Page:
The shield is large enough to cover the head and torso, is 2 1/2 times as strong as Kevlar, and “can stop a bullet from a handgun shot at point-blank range.” 


The whiteboards are made of a similar ultra-strong polyethylene material used in Mine Resistant Ambush Protective (MRAP) vehicles in Iraq and Afghanistan, and they are light enough and less dense than water and will actually float. 


While we hope our teachers and children never need these to hold off an attacker until first responders arrive, it is good to know that they are there just in case to stop that deadly oncoming bullet. 


The whiteboard costs $299 and a smaller 10″ by 13″ bulletproof clipboard costs $109.To outfit a standard high school with whiteboards would cost $15,000 and for all 7 million teachers and administrators in America $1.8 billion. 


From teaching math and science to protecting our children and teachers, these ballistic shields can be part of a multi-layered defense plan for our schools–and I would think for corporate America, religious institutions, and government agencies as well–and is an awesome idea. 😉

Beyond the Four Seasons

Taj

For anyone who has ever stayed at the Four Seasons, you know it is an incredible hotel.

Customer service reins supreme and that’s not just good business, it’s good corporate values.

But reading about the Indian version of the Four Seasons called the Taj–it seems like they have taken customer service to a whole new level.

The Tajwhich has been operating for more than 100 years (opened in 1903) has 108 hotels in 12 countries, including of course India, but also Australia, South Africa, the United Kingdom, and even America (Boston, New York, and San Francisco).

Harvard Business Review (December 2011) describes not just the routine day-to-day service provided at the Taj, but rather how they behaved under one of the most trying events, a terrorist attack.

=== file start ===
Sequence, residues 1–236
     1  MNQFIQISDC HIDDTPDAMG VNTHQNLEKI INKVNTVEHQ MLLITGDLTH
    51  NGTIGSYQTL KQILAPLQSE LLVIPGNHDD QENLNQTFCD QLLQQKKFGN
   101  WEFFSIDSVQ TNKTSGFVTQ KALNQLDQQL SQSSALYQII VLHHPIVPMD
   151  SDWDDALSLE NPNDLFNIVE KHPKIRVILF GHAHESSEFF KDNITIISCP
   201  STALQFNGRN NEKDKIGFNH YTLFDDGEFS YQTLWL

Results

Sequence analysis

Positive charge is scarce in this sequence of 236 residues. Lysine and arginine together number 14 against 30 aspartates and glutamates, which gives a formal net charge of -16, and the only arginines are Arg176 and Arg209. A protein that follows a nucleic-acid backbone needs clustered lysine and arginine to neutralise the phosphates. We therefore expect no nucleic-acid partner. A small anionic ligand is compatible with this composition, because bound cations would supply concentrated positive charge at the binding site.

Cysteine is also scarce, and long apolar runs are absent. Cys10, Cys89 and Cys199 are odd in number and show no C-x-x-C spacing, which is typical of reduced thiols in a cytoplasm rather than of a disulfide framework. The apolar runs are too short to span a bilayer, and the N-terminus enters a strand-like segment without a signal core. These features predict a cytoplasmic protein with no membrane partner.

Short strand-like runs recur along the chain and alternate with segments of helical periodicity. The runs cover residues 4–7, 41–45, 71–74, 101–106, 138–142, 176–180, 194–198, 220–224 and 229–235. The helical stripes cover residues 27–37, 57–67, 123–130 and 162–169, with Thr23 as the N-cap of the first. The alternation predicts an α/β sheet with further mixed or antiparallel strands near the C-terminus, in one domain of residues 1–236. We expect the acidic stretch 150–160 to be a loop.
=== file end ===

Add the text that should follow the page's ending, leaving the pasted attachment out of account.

On November 26, 2008, there began a coordinated 10 attacks across India’s largest city Mumbai than killed at least 159 and gravely wounded more than 200. The attack now referred to as 26/11 (i.e. 26th of  November) included the luxury hotel, the Taj Mahal Palace and Tower (i.e. the Taj Mumbai).

The Taj Mumbai suffered at least 6 blasts and “stayed ablaze for two days and three nights” engulfing the beautiful domes and spires of this structure.

But while the hotel suffered significant damage resulting in months of rebuilding, the spirit of service by the workers at the Taj was tested to the extreme and thrived.

HBR describes how Taj staff, hearing the blasts and automatic weapons, safeguarded their guests during the attack going so far as “insisting that husbands and wives separate to reduce the risk to families, offering water and asking people if they needed anything,…[and] evacuating the guests first.”

The Taj staff did not run out screaming–everyman and woman for themselves, but they not only stayed calm and helpful, but they actually put their guests lives above their own.

This is sort of reminiscent of the firefighters, police, and other emergency first responders on 9-11, who ran up the stairs on the burning World Trade Center to save people–but in this case at the Taj, these were not trained rescuers, they were hotel staff.

In another instance at the hotel, according to the article, hotel employees even “form[ed] a human cordon” around the guests.

This again sounds more like the Secret Service protecting the President of the United States, then waiters and waitresses serving guests.